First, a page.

Researchers have demonstrated a new technique that can store more optical data in a smaller space than was previously possible on-chip. This technique improves upon the phase-change optical memory cell, which uses light to write and read data, and could offer a faster, more power-efficient form of memory for computers.
In Optica, The Optical Society's journal for high impact research, researchers from the Universities of Oxford, Exeter and Münster describe their new technique for all-optical data storage, which could help meet the growing need for more computer data storage.
Rather than using electrical signals to store data in one of two states—a zero or one—like today's computers, the optical memory cell uses light to store information. The researchers demonstrated optical memory with more than 32 states, or levels, the equivalent of 5 bits. This is an important step toward an all-optical computer, a long-term goal of many research groups in this field.
"Optical fibers bring light-encoded data to our homes and offices, but that information is transformed to electronic signals once inside computers," said research team leader Harish Bhaskaran from Oxford. "By bringing the speed of light-based data transmission to the circuit boards that run computers, our all-optical memory could enable a hybrid computer chip that interacts with data both optically and electrically."
The new work is part of a large project called Fun-COMP, for Functionally-scaled Computing technology, that brings academic and industrial partners together to develop groundbreaking hardware technologies.
Writing data with light
The optical memory cell uses light to encode information in a phase change material, a class of materials used to make re-writable CDs and DVDs. A laser heats portions of a phase change material, which causes it to switch between states where all the atoms are ordered or disordered. Because these two states exhibit different optical indices of refraction, the data can be read using light.
Phase change materials can store data for a long time because they remain in the disordered or ordered state until illuminated again with the specific type of laser light originally used to write the data. Mixing different ratios of ordered and disordered states in an area of the material allows information to be stored in a continuum of levels instead of just a zero and a one as in traditional electronic memory.
"Although our team has previously used this approach to optical memory, we've now been able to push the resolution limits of this memory cell by storing a larger number of intermediate states between zero and one," said Nathan Youngblood, a member of the research team. "This allowed us to store information in 34 levels, while only 10 could be achieved previously."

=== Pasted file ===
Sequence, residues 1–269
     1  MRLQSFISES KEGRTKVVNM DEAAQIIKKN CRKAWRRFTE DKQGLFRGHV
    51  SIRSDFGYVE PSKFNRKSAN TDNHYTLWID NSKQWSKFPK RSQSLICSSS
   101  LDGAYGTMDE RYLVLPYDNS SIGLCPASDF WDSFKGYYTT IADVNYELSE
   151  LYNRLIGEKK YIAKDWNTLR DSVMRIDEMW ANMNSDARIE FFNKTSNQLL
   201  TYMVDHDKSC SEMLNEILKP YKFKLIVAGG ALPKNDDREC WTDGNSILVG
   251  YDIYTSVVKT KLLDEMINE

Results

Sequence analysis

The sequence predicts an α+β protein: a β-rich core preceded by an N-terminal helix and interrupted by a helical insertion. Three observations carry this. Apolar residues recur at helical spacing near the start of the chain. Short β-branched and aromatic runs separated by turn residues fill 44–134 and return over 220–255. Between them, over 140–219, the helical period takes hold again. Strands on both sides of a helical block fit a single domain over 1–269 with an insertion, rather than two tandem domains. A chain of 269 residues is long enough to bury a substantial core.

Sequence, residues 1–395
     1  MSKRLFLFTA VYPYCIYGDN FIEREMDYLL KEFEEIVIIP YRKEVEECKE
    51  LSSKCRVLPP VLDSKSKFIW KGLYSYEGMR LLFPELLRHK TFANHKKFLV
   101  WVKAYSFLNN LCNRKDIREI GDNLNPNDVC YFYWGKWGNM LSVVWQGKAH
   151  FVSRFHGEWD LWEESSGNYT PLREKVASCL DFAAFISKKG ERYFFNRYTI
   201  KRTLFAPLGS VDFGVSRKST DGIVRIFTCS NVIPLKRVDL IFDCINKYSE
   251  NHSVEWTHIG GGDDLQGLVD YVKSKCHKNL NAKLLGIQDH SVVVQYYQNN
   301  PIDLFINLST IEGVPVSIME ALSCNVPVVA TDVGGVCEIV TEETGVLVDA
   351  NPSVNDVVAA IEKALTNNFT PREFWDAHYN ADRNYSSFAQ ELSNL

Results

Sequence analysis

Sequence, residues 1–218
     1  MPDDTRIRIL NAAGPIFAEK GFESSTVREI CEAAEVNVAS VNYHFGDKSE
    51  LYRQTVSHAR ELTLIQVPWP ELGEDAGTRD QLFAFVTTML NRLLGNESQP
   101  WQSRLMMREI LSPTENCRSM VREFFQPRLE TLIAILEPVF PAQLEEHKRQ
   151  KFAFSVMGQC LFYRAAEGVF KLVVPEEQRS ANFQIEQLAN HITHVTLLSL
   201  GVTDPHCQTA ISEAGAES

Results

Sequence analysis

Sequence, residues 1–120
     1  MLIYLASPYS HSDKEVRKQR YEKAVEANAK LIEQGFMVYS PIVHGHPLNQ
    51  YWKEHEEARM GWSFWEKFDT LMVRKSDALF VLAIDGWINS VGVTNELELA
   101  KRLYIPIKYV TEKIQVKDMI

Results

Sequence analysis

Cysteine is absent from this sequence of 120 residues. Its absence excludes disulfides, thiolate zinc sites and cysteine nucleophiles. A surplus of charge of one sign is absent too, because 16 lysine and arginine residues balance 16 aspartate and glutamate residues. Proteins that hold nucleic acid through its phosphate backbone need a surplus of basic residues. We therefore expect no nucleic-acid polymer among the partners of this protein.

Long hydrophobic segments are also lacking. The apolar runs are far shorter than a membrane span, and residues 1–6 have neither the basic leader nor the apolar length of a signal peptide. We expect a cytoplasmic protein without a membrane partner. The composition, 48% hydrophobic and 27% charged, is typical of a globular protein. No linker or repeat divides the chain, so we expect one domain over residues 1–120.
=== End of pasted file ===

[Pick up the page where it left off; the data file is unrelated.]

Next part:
The researchers accomplished the increased resolution by using a new technique they developed that uses laser light with a single, double-stepped pulse—two pulses put together into a rectangular-shaped pulse—to precisely control the melting and the crystallization of the material.
"Instead of heating the material with a single laser pulse, we shape the pulse in a way that allows us to control the material's temperature over time," said Xuan Li, the paper's first author. "This provides the ability to adjust how that material interacts with light and the state it will reach after heating. It also greatly speeds up the writing process because we can change the material's state with just one laser pulse instead of the hundreds or thousands of pulses required previously."
Multi-level memory storage
In the paper, the researchers showed that they could use their approach to reliably encode data on 34 levels, which is more than the 32 levels necessary to achieve 5-bit programming. "This accomplishment required understanding the interaction between the light and the material perfectly and then sending exactly the right sort of laser pulse necessary to achieve each level," said Bhaskaran. "We solved an extraordinarily difficult problem."
The new technique could help overcome one of the bottlenecks limiting the speed of today's computers: the link between the processor and the memory. "A lot of work has gone into improving the communication between these two units using fiber optics," said Bhaskaran. "However, linking these two units optically still requires expensive electro-optical conversions at both ends. Our memory cell could be used in a hybrid optical-electrical setup to eliminate the need for that conversion on the memory side by allowing data to be stored and retrieved optically."
Next the researchers want to integrate multiple memory cells and individually program them, which would be required to make a working memory chip for a computer. The research groups have been working closely with Oxford University Innovation, the University's Innovation arm, to develop commercial opportunities arising from their research on photonic memory cells. The researchers say that they can already replicate the devices extremely well but will need to develop light signal processing techniques to integrate multiple optical memory cells.
More information: X. Li, N. Youngblood, C. Ríos, Z. Cheng, C. D. Wright, W. H. P. Pernice, H. Bhaskaran. "Fast and reliable storage using a 5-bit, non-volatile photonic memory cell," Optica, 6, 1, 1-6 (2019). DOI: 10.1364/OPTICA.6.000001
Journal information: Optica
Provided by Optical Society of America